Roses are one of the most popular flowers grown in America. The rose plant name Rose comes from the German word “Hrod” meaning “fame.” Many varieties of roses are in fact named after European Royals. The rose plant is native to the Mediterranean area, North Africa and Western Asia, but is today cultivated in almost every part of the world.
Keep Your Roses Healthy
- Location: Plant in an area that receives full sun (at least 6 hours); preferably morning sun. Roses need very good drainage, so plant in a raised bed, about 6 to 12 inches above the ground.
- Soil: Build beds with a well-draining soil, or mix your own by using 2/4 Life Below, 1/4 sand, and 1/4 Acidified Cotton Bur compost. It’s a good idea to prepare the bed a week or two before you plant.
- Spacing: Know the mature size of the variety you are planting and place your roses with enough space to avoid crowding later. Good air circulation is a must.
- Planting: Dig a hole twice as wide as the container and deep enough so that the bud union is 2″ above the ground. Put a handful of bone meal at the bottom of the hole, andmix some in with the planting soil – this will encourage strong root growth. Fill in the soil around the root ball and water it down.
- Water your roses regularly, keeping soil evenly moist but not overwatering. They need at least 2 inches of water a week.
- Avoid watering late in the day – the earlier the better.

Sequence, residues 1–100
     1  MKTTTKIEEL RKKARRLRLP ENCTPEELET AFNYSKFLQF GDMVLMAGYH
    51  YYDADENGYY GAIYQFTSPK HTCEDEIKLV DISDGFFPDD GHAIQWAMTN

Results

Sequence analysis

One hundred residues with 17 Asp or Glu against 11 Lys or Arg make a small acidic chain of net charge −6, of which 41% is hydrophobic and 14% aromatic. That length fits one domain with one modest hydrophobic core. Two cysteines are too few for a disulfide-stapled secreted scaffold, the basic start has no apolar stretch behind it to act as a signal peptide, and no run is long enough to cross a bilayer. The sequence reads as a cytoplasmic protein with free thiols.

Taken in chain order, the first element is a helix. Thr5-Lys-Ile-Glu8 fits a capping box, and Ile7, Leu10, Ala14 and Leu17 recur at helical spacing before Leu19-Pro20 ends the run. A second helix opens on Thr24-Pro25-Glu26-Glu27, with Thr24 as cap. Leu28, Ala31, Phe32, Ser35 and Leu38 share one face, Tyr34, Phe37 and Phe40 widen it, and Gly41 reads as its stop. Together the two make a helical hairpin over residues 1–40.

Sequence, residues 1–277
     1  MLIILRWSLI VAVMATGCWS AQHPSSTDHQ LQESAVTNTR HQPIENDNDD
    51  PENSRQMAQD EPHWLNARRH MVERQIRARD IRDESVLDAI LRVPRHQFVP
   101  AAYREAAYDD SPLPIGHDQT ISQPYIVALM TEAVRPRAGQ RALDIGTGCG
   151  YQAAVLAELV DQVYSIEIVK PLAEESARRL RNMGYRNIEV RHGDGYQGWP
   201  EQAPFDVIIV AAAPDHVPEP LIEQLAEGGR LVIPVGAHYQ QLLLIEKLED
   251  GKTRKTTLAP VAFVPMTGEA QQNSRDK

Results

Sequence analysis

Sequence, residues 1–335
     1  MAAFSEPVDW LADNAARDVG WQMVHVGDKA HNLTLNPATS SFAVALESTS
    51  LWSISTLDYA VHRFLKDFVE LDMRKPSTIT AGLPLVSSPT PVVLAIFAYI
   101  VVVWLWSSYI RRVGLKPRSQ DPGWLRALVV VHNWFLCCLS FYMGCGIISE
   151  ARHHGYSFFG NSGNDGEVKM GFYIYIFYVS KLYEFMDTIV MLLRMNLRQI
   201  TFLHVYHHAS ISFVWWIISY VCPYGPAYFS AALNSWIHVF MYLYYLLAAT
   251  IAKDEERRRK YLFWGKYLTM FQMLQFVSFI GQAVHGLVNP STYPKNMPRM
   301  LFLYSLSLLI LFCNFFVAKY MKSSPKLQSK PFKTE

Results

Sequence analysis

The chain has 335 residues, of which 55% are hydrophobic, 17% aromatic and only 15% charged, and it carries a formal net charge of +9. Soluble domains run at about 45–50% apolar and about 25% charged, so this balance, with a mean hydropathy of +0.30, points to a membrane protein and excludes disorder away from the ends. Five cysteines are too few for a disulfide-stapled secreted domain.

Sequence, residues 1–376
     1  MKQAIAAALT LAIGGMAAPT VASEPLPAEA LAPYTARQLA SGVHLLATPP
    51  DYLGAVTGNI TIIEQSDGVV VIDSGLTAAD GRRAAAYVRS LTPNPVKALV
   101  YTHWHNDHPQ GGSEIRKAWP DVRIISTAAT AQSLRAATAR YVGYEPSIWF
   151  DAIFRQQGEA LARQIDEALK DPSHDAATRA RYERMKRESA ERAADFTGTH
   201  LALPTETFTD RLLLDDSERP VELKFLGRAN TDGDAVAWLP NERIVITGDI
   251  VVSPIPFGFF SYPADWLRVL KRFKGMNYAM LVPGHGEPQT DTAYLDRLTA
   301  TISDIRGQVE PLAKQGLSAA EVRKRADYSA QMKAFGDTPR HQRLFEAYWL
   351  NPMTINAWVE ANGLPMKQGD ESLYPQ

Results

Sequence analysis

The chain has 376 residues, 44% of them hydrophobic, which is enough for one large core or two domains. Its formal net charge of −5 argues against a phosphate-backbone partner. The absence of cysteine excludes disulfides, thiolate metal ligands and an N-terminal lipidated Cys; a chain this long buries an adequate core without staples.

- DO NOT water the leaves! Water the soil only.
- Do not fertilize your roses right after you plant them – this will burn the roots you are trying to establish. Wait until after the first bloom cycle.
- Fertilize monthly from March to August with a good organic fertilizer like Rose-Glo..
- To apply fertilizer, rake mulch back to the dripline, then evenly spread the fertilizer over the exposed soil. Push the mulch back over the area, then water the bed well.
Clean your roses on a regular basis by deadheading spent blooms and removing dead or
diseased leaves before they fall to the ground. If left underneath the bush, this debris
creates a breeding ground for pests and disease. When cutting spent blooms, cut the
cane at a 45-degree angle at the juncture of an outwardly facing 5-leaf leaflet, as this is
where a new cane will come from.
- Antique Roses: Hard pruning is never necessary, but you may wish to lightly prune for shape, and it is also a good idea to cut canes that are crossing or growing into the center of the bush. If you do, prune after a bloom cycle and don’t cut back more than a third of the bush.
- Modern Roses: Prune them on or around Valentine’s Day. First, cut any dead or diseased canes. Second, cut away crossing canes. Third, cut canes that are smaller than pencil size. Finally, pick the best 4-5 canes in a vase shape and cut the rest of the canes away. Remember to cut canes all the way back and don’t leave stubs at the base of the plant.
- Use an organic soil amendment like Compost Tea. It is brewed fresh here at Buchanan’s, which creates a huge population of beneficial microbes that activate nutrients in your soil, rejuvenating it. Using Compost Tea on your roses will strengthen them against insects and disease.
- If you do have a problem that gets out of hand, we have good organic fungicides & insecticides like Revitalize and Safer Soap.